I personally just put my phone on speaker and work on other things while I’m waiting, remaining silent. For others, perhaps with screaming children, that’s not a good option. You can simply mute the mic on most modern phones while on hold.

Password Reset Questions

To this day, I still have yet to see one company implement this in even a semi-intelligent way (and give their users or customers good advice on how to answer security questions). Besides having your password phished or socially engineered, this is probably the most common way people get into your accounts. If you can avoid setting up password reset questions in the first place, do. This only adds a vulnerability to your account.

Now, if you have to set up security questions for an account, whatever you do, do not give real answers. You probably feel you can trust your family and friends, but you never know and that’s really not the point of security anyway — you don’t make exceptions, leaving gaps in your security. The best thing to do is simply also use passwords for the answers, for example:

Q: What’s your favorite pet’s name?
A: ?X+0^w#`Z DX=FgI(AUpqrRsleV[oHKMkSc8uyLvoJeRE07:KG`NJImG]Jn[p!x9

Now, if you’re prone to forgetting your passwords a lot and needing to use the reset, that won’t work for you. One trick could be to give an answer, but obscure it in a way that no one could ever guess, for example:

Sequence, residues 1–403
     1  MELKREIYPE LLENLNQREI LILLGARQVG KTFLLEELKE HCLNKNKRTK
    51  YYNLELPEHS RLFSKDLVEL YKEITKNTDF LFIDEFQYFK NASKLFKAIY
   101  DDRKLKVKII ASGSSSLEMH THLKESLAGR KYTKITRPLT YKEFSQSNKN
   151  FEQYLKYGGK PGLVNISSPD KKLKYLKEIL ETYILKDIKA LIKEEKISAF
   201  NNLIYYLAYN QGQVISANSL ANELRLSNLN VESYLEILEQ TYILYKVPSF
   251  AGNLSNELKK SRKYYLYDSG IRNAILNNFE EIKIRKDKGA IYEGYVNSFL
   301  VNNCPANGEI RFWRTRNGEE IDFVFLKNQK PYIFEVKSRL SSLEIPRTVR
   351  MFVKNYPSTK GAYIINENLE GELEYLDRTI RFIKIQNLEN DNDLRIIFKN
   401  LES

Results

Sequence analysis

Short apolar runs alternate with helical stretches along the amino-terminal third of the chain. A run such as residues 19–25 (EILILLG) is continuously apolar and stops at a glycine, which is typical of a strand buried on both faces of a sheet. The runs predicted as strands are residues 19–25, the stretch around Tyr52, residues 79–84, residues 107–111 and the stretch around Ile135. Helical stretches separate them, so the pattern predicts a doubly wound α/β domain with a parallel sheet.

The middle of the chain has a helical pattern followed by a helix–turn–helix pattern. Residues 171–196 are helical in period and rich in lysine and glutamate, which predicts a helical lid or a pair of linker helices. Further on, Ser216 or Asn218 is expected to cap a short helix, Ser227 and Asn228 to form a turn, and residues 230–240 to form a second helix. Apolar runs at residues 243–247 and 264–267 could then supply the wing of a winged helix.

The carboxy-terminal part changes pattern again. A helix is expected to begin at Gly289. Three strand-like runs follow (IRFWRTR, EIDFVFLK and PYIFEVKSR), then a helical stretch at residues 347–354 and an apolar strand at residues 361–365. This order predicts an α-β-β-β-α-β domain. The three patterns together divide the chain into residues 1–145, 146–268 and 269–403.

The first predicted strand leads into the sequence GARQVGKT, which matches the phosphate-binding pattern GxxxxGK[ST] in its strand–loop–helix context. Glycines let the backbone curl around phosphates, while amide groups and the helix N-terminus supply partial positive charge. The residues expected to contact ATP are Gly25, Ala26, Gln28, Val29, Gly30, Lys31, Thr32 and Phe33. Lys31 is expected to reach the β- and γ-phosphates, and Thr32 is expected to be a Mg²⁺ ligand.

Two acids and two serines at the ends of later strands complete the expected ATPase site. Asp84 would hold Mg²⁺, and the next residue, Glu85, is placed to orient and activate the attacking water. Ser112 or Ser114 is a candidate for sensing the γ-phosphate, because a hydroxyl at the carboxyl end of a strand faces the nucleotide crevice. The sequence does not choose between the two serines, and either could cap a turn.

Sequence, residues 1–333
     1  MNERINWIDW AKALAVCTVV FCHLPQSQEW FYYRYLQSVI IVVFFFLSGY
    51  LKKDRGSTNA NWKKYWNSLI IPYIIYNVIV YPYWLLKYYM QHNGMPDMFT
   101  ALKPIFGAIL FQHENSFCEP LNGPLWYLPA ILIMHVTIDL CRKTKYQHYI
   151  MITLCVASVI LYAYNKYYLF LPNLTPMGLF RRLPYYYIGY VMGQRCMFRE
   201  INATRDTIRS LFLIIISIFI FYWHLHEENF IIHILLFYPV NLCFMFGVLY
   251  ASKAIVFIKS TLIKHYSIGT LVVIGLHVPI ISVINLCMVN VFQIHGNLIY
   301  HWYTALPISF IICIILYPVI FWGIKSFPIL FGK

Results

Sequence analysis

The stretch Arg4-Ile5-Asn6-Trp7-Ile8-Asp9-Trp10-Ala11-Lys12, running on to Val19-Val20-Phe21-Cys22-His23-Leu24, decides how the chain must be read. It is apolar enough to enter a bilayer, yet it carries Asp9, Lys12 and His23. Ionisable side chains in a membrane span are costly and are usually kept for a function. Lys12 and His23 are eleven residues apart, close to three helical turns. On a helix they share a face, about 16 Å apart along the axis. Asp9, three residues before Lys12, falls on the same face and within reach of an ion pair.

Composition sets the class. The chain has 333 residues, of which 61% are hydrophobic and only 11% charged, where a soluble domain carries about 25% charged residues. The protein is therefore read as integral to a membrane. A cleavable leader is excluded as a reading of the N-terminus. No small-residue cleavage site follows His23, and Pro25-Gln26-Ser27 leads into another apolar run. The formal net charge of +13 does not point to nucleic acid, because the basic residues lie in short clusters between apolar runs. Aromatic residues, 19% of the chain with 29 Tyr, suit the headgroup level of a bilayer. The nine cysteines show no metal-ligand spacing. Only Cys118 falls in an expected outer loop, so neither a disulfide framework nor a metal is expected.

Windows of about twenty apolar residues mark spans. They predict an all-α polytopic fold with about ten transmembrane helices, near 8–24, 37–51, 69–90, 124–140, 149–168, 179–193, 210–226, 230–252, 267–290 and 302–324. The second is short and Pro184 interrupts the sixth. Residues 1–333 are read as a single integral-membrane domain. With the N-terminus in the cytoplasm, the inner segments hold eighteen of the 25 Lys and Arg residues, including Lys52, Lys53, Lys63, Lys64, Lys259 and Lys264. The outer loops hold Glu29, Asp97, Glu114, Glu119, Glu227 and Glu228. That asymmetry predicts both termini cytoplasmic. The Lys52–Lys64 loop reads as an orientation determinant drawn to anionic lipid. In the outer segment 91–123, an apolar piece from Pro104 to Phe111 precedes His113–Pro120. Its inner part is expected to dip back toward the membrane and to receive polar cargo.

Q: What’s your favorite pet’s name?
A: CujoBadDogYay!

Just enough so that no one could reasonable assume you did something clever (or even be able to figure it out, if they did), but not so clever that you cannot remember it yourself.

Using a Library or Friend’s Computer to Log Into Your Accounts

One word, keylogger.

Using Public WiFi

Just don’t do it. If you absolutely must, make sure that you only log into accounts that offer https/SSL encrypted logins. That way, even if a shady person is capturing your data, your passwords will be encrypted and there’s really no way they’re going to decrypt it. It wouldn’t even be worth that much effort, if they could.

Using Cloud Apps or Devices

I’d like to also file this one under Just don’t do it. Convenience will always come at a price. The moral of the story is not to secure your accounts more vigilantly, it’s to never have personal files and pictures accessible by or stored on the internet in the first place! Keep your important stuff offline.

Signing the Back of Your Credit Cards

I always found this one odd, you’re always advised not only to sign the back of your cards, but to do so “immediately”. All that you’re doing is making it easier for someone if they get their hands on your wallet or purse.

Ideally, not signing, should give you an extra layer of protection in that if you try and pay with an unsigned card the cashier is suppose to check your picture ID to verify it’s you, and I doubt most robbers look just like their targets.

However, keep in mind that depending on the circumstance or the cashier, 90% of the time, they won’t check out of laziness, incompetency, or any number of other reasons. Still, why give your robbers more info about you like how to forge your signature?


That’s about all that I can think of for now as far as specific issues that many people haven’t even considered. For your every day security and privacy screw ups, the sky is the limit, but that’s not what we’re discussing. I’ll add more unique examples if they come to me.

I realize a lot of these may be silly to most, but being smart is about all the little measures you take that add up to giving you just that certain percentage of a higher chance of not becoming just another victim.

What are some commonly overlooked or not even considered before unique security or privacy issues you’ve come across? I’ll add them to the list.